Greg Kavka (1947-1994) was a prominent and influential figure in contemporary moral and political philosophy. The new essays in this volume are concerned with fundamental issues of rational commitment and social justice to which Kavka devoted his work as a philosopher. The essays take Kavka's work as a point of departure and seek to advance the respective debates. The topics include: the relationship between intention and moral action as part of which Kavka's famous 'toxin puzzle' is a (...)
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  13. Richard Arneson (2007). Does Social Justice Matter? Brian Barry's Applied Political Philosophy. Ethics 117 (3):391-412.score: 99.0
    Applied analytical political philosophy has not been a thriving enterprise in the United States in recent years. Certainly it has made little discernible impact on public culture. Political philosophers absorb topics and ideas from the Zeitgeist, but it shows little inclination to return the favor. After the publication of his monumental work A Theory of Justice back in 1971, John Rawls became a deservedly famous intellectual, but who has ever heard political critics or commentators refer to the difference (...)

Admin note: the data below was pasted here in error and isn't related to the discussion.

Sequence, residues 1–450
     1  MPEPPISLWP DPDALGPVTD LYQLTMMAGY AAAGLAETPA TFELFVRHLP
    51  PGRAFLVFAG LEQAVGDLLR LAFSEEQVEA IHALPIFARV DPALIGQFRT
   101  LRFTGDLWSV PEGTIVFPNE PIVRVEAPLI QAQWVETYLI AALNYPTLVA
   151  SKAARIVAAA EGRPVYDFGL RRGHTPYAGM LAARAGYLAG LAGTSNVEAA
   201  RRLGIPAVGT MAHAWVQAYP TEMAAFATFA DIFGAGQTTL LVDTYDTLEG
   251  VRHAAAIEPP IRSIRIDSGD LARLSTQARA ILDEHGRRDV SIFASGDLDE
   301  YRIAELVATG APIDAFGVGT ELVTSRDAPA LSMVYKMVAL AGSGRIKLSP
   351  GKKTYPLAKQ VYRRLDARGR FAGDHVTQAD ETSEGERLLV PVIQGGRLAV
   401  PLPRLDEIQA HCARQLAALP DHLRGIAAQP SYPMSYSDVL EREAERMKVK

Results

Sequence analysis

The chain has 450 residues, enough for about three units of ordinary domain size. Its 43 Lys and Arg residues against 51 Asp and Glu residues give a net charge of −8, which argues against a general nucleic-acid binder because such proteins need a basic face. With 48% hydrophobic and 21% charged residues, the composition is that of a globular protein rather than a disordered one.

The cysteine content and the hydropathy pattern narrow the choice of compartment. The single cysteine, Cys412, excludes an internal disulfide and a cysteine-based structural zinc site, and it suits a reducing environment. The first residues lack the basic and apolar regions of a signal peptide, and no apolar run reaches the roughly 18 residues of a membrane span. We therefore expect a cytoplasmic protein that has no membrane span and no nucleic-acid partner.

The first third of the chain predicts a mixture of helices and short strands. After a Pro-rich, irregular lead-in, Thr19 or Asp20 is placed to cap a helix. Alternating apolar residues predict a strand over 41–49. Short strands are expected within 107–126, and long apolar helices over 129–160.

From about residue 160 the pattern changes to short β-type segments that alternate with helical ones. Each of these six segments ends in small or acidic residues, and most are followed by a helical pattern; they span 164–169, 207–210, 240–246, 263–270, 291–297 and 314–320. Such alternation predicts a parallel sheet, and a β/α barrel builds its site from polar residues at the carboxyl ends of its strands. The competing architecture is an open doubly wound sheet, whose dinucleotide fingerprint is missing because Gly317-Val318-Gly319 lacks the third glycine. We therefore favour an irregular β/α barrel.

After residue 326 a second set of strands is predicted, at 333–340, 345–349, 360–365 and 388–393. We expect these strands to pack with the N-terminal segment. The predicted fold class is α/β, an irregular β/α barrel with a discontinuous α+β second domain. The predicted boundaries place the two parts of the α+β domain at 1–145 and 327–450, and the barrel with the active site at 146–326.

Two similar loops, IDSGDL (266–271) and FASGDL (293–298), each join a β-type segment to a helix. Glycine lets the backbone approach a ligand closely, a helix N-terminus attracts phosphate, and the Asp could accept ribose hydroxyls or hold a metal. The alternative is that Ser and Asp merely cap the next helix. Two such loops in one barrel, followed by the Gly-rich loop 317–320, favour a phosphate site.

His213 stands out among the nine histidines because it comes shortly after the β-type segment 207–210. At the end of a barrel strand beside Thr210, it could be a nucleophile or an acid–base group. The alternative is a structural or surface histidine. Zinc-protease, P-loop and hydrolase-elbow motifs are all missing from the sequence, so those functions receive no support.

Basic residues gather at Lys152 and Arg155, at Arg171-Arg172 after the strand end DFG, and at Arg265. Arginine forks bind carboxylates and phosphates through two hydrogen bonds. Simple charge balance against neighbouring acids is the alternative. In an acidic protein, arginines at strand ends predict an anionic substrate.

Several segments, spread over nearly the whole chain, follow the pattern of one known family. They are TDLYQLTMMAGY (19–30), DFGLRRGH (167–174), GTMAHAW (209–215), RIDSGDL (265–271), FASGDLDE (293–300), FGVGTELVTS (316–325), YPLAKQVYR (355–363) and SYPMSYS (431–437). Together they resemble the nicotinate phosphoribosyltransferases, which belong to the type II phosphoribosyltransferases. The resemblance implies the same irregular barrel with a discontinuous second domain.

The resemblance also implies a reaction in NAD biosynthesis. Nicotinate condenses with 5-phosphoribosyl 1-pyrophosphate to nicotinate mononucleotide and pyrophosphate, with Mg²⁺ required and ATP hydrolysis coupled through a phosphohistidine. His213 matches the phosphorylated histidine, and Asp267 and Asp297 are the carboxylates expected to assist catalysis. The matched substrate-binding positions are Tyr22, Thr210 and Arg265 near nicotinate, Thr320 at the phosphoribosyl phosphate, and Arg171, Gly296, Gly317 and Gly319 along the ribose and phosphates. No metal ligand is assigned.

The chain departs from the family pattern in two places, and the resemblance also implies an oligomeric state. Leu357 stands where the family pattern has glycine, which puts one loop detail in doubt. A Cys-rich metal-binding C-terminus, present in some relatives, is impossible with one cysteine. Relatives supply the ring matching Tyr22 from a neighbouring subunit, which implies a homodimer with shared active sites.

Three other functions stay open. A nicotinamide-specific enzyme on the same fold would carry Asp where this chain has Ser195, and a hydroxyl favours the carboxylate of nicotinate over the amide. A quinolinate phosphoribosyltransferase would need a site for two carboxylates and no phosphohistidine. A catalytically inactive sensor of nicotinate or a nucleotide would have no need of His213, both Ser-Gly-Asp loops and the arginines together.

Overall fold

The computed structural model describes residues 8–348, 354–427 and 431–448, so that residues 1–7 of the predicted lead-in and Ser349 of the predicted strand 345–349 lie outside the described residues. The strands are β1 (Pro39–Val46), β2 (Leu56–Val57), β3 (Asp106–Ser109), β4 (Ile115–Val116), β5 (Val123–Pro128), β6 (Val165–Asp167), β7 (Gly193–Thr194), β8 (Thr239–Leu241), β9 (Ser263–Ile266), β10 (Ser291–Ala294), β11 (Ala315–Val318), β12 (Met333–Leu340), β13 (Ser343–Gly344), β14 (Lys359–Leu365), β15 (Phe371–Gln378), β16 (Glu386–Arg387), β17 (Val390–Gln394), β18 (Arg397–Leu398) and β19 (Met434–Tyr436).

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  14. Liza Mügge (2012). Women in Transnational Migrant Activism: Supporting Social Justice Claims of Homeland Political Organizations. Studies in Social Justice 7 (1):65-81.score: 98.0
    This article studies the conceptions of social justice of women active in transnational migrant politics over a period of roughly 20 years in the Netherlands. The novel focus on migrant women reveals that transnational politics is almost completely male-dominated and -directed. Two of the exceptions found in this article include a leftist and a Kurdish women organization supporting the communist cause in the 1980s and the Kurdish struggle in the 1990s in Turkey, respectively. In both organizations gender equality (...)
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  15. Leah Briones (2011). Rights with Capabilities: Towards a Social Justice Framework for Migrant Activism. Studies in Social Justice 5 (1):127-143.score: 98.0
    The paradigm of rights, established throughout the academic, policy and migrant activism arenas, governs the protection of vulnerable migrant workers against abuse. To what extent this approach has achieved social justice for the migrant worker in the current global political economy climate is, however, uncertain. In analyzing the use of rights in migrant activism in Hong Kong, this paper shows the limitation of rights in the migrant experience at the same time as it shows how a new paradigm (...)
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  16. Janine M. Brodie (2007). Reforming Social Justice in Neoliberal Times. Studies in Social Justice 1 (2):93-107.score: 98.0